Endpoint Security , Fraud Management & Cybercrime , Fraud Risk Management

Garmin Reportedly Paid a Ransom

Company Says 'Temporary Limitations' on Services Continue
Garmin Reportedly Paid a Ransom
Note on Garmin's website says some features still have "temporary limitations."

Garmin, a fitness tracker and navigation device firm, apparently paid a ransom to recover from a July 23 security incident that encrypted several of its systems, according to two news reports as well as expert analysis.

See Also: Encryption is Worthless Without Protecting Your Keys

BleepingComputer, citing unnamed sources, reports that Garmin apparently paid for the decryption key. Meanwhile, Sky News also reports Garmin paid a ransom using the services of Arete IR, a cyber response, remediation and monitoring services company.

Garmin responded to a request for additional information by referring ISMG to a July 27 statement. Arete IR did not respond to Information Security Media Group's request for comment.

Recovering From WastedLocker

WastedLocker, a ransomware strain that reportedly shut down Garmin's operations for several days in July, is designed to avoid security tools within infected devices, according to a technical analysis from Sophos. In June and July, several research firms published reports on WastedLocker, noting that the ransomware appears connected to the Evil Corp cybercrime group, originally known for its use of the Dridex banking Trojan.

"Because WastedLocker has no known security vulnerabilities in how it performs its encryption, it's unlikely that Garmin obtained a working decryption key that fast in any other way but by paying the ransom," Chris Clements, vice president of solutions architecture for Cerberus Sentinel, tells ISMG.

Fausto Oliveira, principal security architect at the security firm Acceptto, adds: "What I believe happened is that Garmin was unable to recover their services in a timely manner. Four days of disruption is too long if they are using any reliable type of backup and restore mechanisms. That might have been because their disaster recovery backup strategy failed or the invasion was to the extent that backup sources were compromised as well."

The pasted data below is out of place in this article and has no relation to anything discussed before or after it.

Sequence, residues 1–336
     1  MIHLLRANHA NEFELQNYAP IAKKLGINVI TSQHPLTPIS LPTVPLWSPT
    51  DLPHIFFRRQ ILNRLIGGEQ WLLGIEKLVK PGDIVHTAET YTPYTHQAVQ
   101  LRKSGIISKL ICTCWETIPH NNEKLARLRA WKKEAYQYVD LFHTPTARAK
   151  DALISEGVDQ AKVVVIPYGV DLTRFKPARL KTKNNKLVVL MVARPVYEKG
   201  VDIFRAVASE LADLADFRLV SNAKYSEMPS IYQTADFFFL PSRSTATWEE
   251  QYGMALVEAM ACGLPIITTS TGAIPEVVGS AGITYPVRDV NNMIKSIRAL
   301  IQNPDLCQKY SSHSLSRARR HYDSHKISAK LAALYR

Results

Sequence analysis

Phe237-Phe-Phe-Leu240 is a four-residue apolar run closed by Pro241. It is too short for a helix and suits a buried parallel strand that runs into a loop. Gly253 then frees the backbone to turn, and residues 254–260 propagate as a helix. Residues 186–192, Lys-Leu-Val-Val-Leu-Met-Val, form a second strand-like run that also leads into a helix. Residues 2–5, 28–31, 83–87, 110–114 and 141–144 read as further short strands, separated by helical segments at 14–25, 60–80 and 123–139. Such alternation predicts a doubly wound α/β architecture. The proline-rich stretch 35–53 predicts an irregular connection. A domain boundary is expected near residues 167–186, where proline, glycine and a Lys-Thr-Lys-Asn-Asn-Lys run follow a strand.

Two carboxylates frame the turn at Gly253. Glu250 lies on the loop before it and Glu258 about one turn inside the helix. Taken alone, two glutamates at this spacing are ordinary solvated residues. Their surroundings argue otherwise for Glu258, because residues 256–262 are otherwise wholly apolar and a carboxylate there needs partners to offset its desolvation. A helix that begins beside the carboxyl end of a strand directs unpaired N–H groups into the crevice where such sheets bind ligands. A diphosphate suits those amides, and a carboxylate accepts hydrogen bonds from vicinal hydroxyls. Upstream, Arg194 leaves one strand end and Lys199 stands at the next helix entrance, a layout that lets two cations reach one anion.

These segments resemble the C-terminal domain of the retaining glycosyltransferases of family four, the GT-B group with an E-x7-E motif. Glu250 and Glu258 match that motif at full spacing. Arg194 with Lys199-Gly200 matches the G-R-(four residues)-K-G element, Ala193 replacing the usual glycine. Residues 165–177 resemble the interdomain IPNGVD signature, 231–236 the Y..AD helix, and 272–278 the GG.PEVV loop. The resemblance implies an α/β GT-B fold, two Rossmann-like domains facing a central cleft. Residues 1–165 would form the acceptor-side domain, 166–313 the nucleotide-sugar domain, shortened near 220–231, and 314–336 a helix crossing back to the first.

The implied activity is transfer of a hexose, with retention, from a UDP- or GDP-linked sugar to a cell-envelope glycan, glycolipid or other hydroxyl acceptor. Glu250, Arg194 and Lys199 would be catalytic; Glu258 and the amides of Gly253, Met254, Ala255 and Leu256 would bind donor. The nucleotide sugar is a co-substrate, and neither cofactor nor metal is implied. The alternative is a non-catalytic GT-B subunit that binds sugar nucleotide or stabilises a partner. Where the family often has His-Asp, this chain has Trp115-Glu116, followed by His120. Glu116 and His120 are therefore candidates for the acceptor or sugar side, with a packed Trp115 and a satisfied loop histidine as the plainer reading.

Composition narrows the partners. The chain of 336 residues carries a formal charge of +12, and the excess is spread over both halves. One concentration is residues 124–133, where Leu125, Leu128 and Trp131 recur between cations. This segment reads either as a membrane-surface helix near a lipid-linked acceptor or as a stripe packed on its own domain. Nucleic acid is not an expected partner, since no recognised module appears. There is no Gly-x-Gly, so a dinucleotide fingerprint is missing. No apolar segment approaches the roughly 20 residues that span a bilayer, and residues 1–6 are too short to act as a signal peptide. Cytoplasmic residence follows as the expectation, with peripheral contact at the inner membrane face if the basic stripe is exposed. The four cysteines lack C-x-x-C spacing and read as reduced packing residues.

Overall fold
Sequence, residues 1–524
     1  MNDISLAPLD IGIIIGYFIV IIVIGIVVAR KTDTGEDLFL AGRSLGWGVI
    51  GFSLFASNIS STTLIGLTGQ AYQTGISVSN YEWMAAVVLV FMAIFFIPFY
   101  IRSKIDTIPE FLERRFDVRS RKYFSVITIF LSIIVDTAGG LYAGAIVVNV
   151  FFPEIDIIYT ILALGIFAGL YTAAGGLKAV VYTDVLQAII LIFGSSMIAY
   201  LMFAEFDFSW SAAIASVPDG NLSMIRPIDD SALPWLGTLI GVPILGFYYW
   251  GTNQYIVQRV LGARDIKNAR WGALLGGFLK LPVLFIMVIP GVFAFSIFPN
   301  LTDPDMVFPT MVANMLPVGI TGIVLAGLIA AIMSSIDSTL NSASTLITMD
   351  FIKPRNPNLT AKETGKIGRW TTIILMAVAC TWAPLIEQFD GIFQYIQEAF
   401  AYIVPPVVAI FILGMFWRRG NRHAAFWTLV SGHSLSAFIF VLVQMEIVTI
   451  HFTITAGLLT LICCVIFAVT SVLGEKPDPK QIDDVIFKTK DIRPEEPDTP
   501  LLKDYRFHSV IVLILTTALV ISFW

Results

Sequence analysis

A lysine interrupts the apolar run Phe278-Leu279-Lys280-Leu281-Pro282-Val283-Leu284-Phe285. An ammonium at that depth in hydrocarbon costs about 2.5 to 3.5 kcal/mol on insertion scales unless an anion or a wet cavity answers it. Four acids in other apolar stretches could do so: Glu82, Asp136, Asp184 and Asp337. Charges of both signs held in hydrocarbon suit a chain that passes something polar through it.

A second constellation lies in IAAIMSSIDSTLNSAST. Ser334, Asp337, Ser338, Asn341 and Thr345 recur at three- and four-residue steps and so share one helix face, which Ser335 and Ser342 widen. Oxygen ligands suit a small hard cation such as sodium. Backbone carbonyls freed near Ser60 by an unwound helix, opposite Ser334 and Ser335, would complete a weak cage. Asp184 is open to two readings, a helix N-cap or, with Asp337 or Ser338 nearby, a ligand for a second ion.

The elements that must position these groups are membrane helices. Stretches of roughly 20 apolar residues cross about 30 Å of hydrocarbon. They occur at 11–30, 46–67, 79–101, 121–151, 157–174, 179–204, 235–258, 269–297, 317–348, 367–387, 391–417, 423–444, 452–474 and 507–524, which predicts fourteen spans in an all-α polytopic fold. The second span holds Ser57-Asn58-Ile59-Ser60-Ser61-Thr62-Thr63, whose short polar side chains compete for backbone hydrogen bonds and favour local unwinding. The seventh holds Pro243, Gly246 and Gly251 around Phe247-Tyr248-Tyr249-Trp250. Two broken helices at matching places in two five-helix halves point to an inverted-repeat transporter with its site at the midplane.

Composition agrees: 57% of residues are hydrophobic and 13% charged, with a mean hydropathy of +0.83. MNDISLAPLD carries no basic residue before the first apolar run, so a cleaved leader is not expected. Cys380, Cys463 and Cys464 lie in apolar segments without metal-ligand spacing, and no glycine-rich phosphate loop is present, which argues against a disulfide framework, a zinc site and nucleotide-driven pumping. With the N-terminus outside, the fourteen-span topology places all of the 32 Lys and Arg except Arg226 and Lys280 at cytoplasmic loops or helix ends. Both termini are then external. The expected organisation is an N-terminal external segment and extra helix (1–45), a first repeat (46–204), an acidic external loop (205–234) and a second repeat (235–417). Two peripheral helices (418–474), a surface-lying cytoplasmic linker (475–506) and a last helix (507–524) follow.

Caroline Thompson, head of underwriting at Cowbell Cyber, a risk assessment firm, says Garmin may have concluded it was cheaper to pay a ransom than to deal with damage repair costs, business interruption, revenue loss and other expenses.

"Evil Corp has in the past shown their software to be free from easily identified security vulnerabilities. This combined with the short timeframe strongly suggests that Garmin paid the ransom fee to obtain the decryption key," Clements says.

Garmin Offers Sketchy Details

In days following the July 23 attack, Garmin reported the incident had disrupted company website functions, customer support, customer-facing applications and company communications. On July 24 the company's website was again accessible but displayed this message: "We are currently experiencing an outage that affects Garmin.com and Garmin Connect."

Four days later, Garmin issued its first official statement, saying it was victimized by a "cyberattack" that encrypted some of its systems.

A note displayed on its homepage Wednesday states: "We are happy to report that many of the systems and services affected by the recent outage, including Garmin Connect, are returning to operation. Some features still have temporary limitations while all of the data is being processed. We'd like to thank all of our customers for your patience and understanding."

The company says no customer data, including payment information from Garmin Pay, was accessed, lost or stolen. This lack of data exfiltration is common in WastedLocker attacks (see: Evil Corp's 'WastedLocker' Campaign Demands Big Ransoms).

Tracking the Payment

If Garmin continues to be tight-lipped about the details of the incident, verifying how much of a cryptocurrency ransom it paid could prove difficult, says Oliveira of Acceptto.

Some companies offer cryptocurrency transaction tracking services to help legal agencies pinpoint where the money has gone, but cybercriminals can use tools to thwart such tracking, he says.

"This includes using money mules to distribute the money further and create air gaps between the sender and the receiver of those funds," Oliveira says. "On top of that, services, such as Monero and Zcash, have built-in options to improve the anonymization of the transactions. This makes a legal investigation harder, if not impossible."


About the Author

Doug Olenick

Doug Olenick

News Editor, ISMG

Olenick has covered the cybersecurity and computer technology sectors for more than 25 years. Prior to joining ISMG as news editor, Olenick was online editor for SC Media, where he covered every aspect of the cybersecurity industry and managed the brand's online presence. Earlier, he worked at TWICE - This Week in Consumer Electronics - for 15 years. He also has contributed to Forbes.com, TheStreet and Mainstreet.




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